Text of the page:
Jamie Mueller, Peter Genuardi & Natania LeClerc: Use Your Tech To Enable Generosity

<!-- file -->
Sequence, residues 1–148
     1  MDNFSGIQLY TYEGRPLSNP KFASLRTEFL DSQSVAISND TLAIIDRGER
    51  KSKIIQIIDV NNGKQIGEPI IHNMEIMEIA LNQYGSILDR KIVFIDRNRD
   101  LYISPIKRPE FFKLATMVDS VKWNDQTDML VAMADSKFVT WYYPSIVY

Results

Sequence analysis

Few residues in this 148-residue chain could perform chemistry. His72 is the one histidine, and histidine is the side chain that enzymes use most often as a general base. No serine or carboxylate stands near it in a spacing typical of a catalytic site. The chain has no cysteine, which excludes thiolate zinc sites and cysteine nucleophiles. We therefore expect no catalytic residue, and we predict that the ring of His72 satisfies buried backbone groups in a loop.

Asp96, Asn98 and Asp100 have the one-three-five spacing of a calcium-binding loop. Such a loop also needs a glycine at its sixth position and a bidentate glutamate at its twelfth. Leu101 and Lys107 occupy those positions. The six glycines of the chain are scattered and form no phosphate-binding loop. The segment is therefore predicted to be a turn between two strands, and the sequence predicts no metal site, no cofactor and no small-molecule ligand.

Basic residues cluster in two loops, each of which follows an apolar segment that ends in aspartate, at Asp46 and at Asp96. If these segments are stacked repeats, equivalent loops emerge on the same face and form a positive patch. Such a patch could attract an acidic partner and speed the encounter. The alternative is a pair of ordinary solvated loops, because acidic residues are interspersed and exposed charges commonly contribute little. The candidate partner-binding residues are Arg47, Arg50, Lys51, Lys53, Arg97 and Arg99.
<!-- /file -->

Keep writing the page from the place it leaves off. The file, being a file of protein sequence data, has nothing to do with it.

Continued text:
Our panel encourages you to expand your definition of generosity and how you measure it, to better acknowledge diverse forms of giving. They help you facilitate generosity through your data, tech and business processes. They’re Jamie Mueller with PTKO; Peter Genuardi at See the Stars; and, Natania LeClerc from Feeding America. (This was recorded at the 2024 Nonprofit Technology Conference.)